The witness, who goes by the name Nasser al-Thaer, said the bombing took place a day earlier. He said he feared for the other ancient sites in Palmyra but that no explosives have been placed around them.
News of the temple's destruction comes after relatives and witnesses said Khaled al-Asaad, an 81-year-old antiquities scholar who devoted his life to understanding Palmyra, was beheaded by Islamic State militants.
Palmyra, one of the Middle East's most spectacular archaeological sites and a Unesco World Heritage site, sits near the modern Syrian city of the same name.
IS claim ancient relics promote idolatry and say they are destroying them as part of their purge of paganism. However, they are also believed to sell off looted antiquities .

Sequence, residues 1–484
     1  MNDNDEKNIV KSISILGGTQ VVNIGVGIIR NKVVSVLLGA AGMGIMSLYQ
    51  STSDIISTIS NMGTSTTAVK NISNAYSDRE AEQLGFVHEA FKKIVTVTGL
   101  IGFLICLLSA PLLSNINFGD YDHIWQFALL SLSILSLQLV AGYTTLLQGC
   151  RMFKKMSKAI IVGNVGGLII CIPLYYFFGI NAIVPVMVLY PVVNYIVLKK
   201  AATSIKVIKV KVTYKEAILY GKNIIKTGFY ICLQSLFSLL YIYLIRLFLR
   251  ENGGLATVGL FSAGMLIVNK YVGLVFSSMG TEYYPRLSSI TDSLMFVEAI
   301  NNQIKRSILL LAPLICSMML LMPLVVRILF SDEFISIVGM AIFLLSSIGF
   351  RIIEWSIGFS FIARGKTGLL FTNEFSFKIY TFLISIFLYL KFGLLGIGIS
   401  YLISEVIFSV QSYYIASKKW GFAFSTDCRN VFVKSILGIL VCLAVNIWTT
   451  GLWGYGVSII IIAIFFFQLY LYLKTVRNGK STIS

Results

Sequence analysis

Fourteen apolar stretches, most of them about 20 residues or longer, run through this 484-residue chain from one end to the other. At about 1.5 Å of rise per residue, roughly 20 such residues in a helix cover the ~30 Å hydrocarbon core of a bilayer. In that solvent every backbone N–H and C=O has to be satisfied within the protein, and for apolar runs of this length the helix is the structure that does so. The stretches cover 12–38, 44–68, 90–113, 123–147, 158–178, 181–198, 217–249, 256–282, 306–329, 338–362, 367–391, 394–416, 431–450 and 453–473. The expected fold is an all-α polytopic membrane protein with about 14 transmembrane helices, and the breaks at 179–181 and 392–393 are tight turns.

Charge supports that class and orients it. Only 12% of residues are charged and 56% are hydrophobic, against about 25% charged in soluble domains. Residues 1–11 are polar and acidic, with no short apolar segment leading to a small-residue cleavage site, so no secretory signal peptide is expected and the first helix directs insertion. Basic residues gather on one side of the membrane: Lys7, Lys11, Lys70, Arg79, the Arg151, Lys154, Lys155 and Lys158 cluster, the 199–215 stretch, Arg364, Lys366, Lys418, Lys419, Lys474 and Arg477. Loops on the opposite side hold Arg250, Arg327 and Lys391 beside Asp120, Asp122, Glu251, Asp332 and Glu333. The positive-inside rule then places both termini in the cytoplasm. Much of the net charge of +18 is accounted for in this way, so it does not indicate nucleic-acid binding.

The Baalshamin Temple is about 500 metres from Palmyra's famous amphitheater where the group killed more than 20 Syrian soldiers after they captured the historic town in May.
The temple dates to the first century and is dedicated to the Phoenician god of storms and fertilising rains.
Earlier reports from the British-based Syrian Observatory for Human Rights said the temple was blown up a month ago. And Turkey-based activist Osama al-Khatib, who is originally from Palmyra, said the temple was blown up on Sunday.
The head of Unesco, Irina Bokova, said Islamic State extremists in Syria and Iraq are engaged in the "most brutal, systematic" destruction of ancient sites since the Second World War.
Militants have also demolished the St Elian Monastery, which housed a fifth-century tomb and served as a major pilgrimage site. The monastery was in the town of Qaryatain in central Syria.
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